COVID-19, kidney, and renal diseases

Johann Morelle, Arnaud Devresse, Nathalie Demoulin, Valentine Gillion, Eric Goffin, Nada Kanaan, Laura Labriola, Michel Jadoul Published in the journal : May 2020 Category : Nephrology

This short contribution first focuses on the growing evidence showing that the kidney is a target for the coronavirus, with signs of kidney disease being a marker of COVID-19 severity. It next discusses the reasons not to withdraw angiotensin-converting enzyme inhibitors/angiotensin receptor blockers in high-risk groups, as well as the potential risk of virus transmission inside the hemodialysis unit or via peritoneal dialysis. Finally, the article summarizes the data available regarding COVID-19 in kidney transplant recipients and concludes with some considerations concerning the major challenges faced when it comes to ensuring high-quality medical care during this pandemic.

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2019 innovations in Nephrology

Eric Goffin, Sophie Coche, Laura Labriola, Corine Hubinont, Valentine Gillion, Nathalie Demoulin, Anne-Catherine Pouleur, Michel Jadoul Published in the journal : February 2020 Category : Nephrology

In 2019, we welcomed several major advances made in the management of kidney disease. We have decided to highlight herein two major developments. Firstly, pregnancy can now be considered in a patient upon chronic dialysis. Secondly, two new potassium binders are on the horizon, which is great news for patients with chronic kidney disease requiring renin angiotensin system (RAS) blockade.

Pregnancy, which is in fact rare in women with end-stage kidney failure, is associated with increased feto-maternal morbidity. Recent data, along with our own experience, highlight that pregnancy can now be considered in women on maintenance hemodialysis, who are ready to perform intensive home hemodialysis, along with a strict and regular obstetrical follow-up.

Hyperkalemia is common in chronic kidney disease patients, especially in those under RAS blockade, and can be life-threatening. Since the old K-binders have limited efficacy and are poorly tolerated, RAS blockade is frequently discontinued in such patients. Nevertheless, two new K-binders are on the horizon. The first one, patiromer, has been reimbursed since 2019 for the treatment of chronic hyperkalemia. The other one, sodium cyclosilicate of zirconium (SZC), has been approved for use in Europe, though this drug is not yet reimbursed in Belgium. We briefly review these molecules’ efficacy and safety and discuss their role in maintaining RAS blockade, especially in CKD patients with proteinuria or heart failure.

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Innovations in Nephrolgy in 2018

Eric Goffin (1), Arnaud Devresse (1), Jean-François Baurain (2), Isabelle Tromme (3), Michel Mourad (4), Nada Kanaan (1) Published in the journal : February 2019 Category : Nephrology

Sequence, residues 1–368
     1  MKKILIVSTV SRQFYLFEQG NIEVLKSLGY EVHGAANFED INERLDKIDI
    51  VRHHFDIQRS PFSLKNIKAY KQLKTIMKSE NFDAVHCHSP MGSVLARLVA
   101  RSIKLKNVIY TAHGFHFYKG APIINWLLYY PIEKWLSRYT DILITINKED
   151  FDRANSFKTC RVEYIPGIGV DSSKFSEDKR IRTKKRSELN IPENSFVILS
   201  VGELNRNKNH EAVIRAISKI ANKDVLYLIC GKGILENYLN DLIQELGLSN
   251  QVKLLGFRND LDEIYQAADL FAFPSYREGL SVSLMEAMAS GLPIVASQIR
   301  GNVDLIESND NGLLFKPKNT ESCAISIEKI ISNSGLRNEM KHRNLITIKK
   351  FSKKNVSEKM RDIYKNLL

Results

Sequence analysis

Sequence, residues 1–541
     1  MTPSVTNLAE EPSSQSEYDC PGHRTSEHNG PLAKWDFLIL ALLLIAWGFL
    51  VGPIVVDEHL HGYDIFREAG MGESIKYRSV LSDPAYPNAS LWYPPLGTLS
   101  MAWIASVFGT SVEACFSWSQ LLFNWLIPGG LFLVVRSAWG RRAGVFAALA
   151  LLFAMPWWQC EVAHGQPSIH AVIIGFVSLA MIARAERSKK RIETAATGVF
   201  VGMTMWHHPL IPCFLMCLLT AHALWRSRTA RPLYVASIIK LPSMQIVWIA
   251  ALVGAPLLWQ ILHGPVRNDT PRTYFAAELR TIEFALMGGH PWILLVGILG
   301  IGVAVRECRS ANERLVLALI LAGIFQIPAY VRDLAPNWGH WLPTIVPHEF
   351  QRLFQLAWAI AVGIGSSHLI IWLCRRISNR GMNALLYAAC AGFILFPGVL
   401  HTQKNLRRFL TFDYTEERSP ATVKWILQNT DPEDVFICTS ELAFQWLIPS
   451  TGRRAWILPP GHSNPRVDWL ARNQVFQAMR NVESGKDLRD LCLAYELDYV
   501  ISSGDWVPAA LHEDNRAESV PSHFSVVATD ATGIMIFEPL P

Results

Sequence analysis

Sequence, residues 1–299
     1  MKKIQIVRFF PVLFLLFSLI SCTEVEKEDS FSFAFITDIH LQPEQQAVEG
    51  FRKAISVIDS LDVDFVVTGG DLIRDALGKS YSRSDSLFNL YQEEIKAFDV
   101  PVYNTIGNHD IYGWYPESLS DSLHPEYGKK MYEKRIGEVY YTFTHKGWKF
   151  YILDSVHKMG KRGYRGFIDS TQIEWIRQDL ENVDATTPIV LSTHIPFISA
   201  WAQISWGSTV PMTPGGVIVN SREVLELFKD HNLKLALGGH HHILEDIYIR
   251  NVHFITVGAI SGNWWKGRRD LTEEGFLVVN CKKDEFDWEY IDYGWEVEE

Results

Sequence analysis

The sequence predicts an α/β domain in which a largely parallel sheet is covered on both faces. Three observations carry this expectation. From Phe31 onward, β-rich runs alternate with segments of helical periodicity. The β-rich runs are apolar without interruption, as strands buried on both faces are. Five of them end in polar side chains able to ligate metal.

This article reviews innovations in kidney transplantation, particularly in terms of cutaneous carcinomas and ABO incompatibility. Kidney transplant recipients are at risk of developing basal cell or squamous cell carcinomas due to immunosuppression induced by anti-rejection therapy. A multidisciplinary approach to these skin lesions is required to optimize the therapeutic management, thereby improving patient prognosis. Kidney transplantation from ABO-incompatible living donor patients was introduced in 1982 and successfully taken up in our institution last year. It is rendered possible due to a strategy combining desensitization of the recipient and reinforced immunosuppression. Survival of patients and grafts appears to be equivalent to that observed in ABO compatible transplant patients.

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Innovations in nephrology: what to remember from 2017?

Johann Morelle, Nathalie Demoulin, Michel Jadoul, Hubert Piessevaux Published in the journal : February 2018 Category : Nephrology

In 2017, the treatment of severe forms (proteinuric and/or with impaired kidney function) of IgA nephropathy, the most common primary chronic glomerulonephritis, proved to be of particular interest. Several studies highlighted that the risks associated with conventional immunosuppressive therapy, still mainly based on corticosteroids outweighs the potential benefits. A Targeted (enteric)-release corticosteroids constitutes a new therapeutic agent will soon be tested in a Phase 3 study, following encouraging results from Phase 2. Furthermore, several observational studies, conducted in 2017, suggested that the nephrotoxicity due to proton pump inhibitors be more common than hitherto appreciated, though the causal relationship between both must still be firmly demonstrated. In this paper, we discuss the implications from these studies concerning the use of this widely prescribed family drug.

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Innovations in nephrology : what 2016 brought us

Michel Jadoul, Selda Aydin, Sylvie Goletti, Johann Morelle, Eric Goffin, Michel Mourad, Nathalie Demoulin, Anh Ho, Nathalie Godefroid, Caroline Clerckx, Laurence Annet, Yves Pirson, Olivier Devuyst Published in the journal : February 2017 Category : Nephrology

Here we present three important innovations in the nephrology field. The first one concerns the management of autosomal dominant polycystic kidney disease, and in particular the treatment by tolvaptan, a drug that slows down disease progression and is reimbursed in Belgium since 2016. The other two innovations presented are, on one hand, the progress made in the diagnosis and follow-up of idiopathic membranous nephropathy, which is often of autoimmune nature, and on the other hand, the hope raised by living kidney donor exchange programs for patients awaiting transplantation. 

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